Three) Defamation – the defamation of character to which His followers must and will be subjected. This is doubly painful to sensitive temperaments or internalizers, who discover quickly that Satan and his many weapons of evil do not fight fairly or car particularly about your feelings. In fact, your feelings and sensitive internalizing are turned on you as the cruelest of weapons to make you suffer. The words “persecuted for righteousness’ sake” and “for My sake” caution us to make certain that we are opposed and hated solely because we are the followers of the Lord Jesus, and not on account of our own misconduct or injudicious behavior.
1 Pet. 2:19-24
Persecution has always been with God’s people – it comes with the blessing – we gladly deal with it.
Cain slew Abel. “And why did he slay him? Because his own works were evil, and his brother’s righteous.” (1 John 3:12) Joseph was persecuted by his own brothers, and sold into slavery in Egypt where he was cast into prison for righteousness’ sake. (Genesis 37, 39)
Moses was repeatedly reviled and broken down (Exodus 5:21; 14:11; 16:2; 17:2).
Samuel was rejected as old man for the sins of his sons. (1 Samuel 8:5).
Elijah was despised for calling out the sin of Ahab and exposing the 450 prophets of Baal and the 400 prophets of Asherah, (1 Kings 18:17) and then persecuted. (1 Kings 19:2)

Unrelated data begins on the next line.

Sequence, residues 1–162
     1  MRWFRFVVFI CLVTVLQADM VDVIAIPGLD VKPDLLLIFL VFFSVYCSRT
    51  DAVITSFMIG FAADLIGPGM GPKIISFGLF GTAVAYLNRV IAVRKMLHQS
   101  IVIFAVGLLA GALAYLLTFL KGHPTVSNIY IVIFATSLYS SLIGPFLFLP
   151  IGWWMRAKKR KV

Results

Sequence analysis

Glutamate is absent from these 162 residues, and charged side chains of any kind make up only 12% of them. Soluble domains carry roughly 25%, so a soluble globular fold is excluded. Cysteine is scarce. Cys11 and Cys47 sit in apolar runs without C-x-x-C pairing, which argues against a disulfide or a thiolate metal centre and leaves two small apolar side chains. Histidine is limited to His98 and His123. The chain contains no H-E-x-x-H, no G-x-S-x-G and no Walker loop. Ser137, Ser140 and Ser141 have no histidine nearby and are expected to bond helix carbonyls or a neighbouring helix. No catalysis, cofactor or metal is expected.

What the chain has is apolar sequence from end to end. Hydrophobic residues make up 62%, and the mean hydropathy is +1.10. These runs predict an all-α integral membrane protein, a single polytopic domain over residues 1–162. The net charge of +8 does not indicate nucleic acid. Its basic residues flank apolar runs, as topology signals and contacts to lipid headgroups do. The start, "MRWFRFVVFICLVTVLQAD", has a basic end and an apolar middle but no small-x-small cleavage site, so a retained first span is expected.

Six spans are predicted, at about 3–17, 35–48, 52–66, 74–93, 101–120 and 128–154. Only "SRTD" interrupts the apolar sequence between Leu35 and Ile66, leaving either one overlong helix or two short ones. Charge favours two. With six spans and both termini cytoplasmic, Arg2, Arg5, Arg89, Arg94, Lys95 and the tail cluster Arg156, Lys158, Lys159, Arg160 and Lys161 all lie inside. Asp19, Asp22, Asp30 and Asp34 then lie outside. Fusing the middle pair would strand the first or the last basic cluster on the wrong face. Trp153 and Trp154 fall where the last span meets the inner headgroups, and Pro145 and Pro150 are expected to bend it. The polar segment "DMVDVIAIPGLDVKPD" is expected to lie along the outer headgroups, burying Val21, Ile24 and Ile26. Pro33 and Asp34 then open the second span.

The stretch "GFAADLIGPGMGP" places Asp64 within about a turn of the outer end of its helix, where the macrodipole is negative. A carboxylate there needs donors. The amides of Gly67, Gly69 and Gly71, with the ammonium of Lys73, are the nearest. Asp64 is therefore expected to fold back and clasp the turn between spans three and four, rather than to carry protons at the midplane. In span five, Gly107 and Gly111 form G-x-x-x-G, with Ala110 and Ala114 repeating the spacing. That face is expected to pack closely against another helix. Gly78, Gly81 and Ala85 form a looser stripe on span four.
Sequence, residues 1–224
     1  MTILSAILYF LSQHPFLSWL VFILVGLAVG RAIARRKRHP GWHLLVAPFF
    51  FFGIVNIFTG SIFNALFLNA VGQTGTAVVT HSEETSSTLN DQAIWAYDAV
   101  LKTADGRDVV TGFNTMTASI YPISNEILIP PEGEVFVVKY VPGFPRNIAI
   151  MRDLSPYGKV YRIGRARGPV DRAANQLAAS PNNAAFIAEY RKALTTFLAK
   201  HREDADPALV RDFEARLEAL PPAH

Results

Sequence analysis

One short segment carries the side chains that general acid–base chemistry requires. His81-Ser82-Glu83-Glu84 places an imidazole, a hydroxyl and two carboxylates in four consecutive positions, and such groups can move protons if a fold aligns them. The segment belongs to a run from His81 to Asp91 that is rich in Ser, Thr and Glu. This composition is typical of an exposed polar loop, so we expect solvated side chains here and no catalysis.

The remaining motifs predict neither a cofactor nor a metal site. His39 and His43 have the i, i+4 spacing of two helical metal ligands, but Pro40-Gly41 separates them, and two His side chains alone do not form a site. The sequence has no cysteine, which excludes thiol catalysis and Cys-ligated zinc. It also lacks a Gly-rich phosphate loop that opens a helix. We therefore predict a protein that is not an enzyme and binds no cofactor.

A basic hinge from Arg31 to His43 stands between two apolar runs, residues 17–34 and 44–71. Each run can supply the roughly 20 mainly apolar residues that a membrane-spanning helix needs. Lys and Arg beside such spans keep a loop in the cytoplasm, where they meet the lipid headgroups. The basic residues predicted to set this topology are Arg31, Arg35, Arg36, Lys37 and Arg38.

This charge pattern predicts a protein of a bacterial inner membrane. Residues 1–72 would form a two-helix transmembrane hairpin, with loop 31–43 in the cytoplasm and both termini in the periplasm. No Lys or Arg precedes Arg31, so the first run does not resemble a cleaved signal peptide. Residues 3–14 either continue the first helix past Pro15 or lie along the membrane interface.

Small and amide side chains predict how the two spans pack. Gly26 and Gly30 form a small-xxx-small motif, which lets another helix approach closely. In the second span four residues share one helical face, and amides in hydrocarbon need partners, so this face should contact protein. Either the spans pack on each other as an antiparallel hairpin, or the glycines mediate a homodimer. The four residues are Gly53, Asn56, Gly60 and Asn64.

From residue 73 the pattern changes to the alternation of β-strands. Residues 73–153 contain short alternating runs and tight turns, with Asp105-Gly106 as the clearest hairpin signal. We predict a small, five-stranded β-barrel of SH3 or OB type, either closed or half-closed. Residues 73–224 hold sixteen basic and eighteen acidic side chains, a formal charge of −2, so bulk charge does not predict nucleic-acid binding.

Micaiah was hated for never prophesying what the King wanted to hear. (I Kings 22:8).
Nehemiah was oppressed and defamed. (Nehemiah 4)
Jesus Himself, the faithful Witness of God, was put to death by the people to whom He had loved and ministered.
Stephen was stoned. (Acts 7)
Peter and John were cast into prison.
James beheaded, while the entire course of the Apostle
Paul’s final years of life and ministry were one long series of bitter and relentless persecutions, beatings, imprisonments, and rejections.
You can prepare for any of this by giving your all to Him and thereby gaining everything from Him. We will walk forward in Christ alone having received the greatest Blessing of our life. We stand in Him, and we walk forward into and through the valley of the shadow of death; and yet we fear no evil, for He our God is with us.
Blessed are those who are persecuted for righteousness’ sake, for theirs is the kingdom of heaven. 11 Blessed are you when others revile you and persecute you and utter all kinds of evil against you falsely on my account. 12 Rejoice and be glad, for your reward is great in heaven, for so they persecuted the prophets who were before you.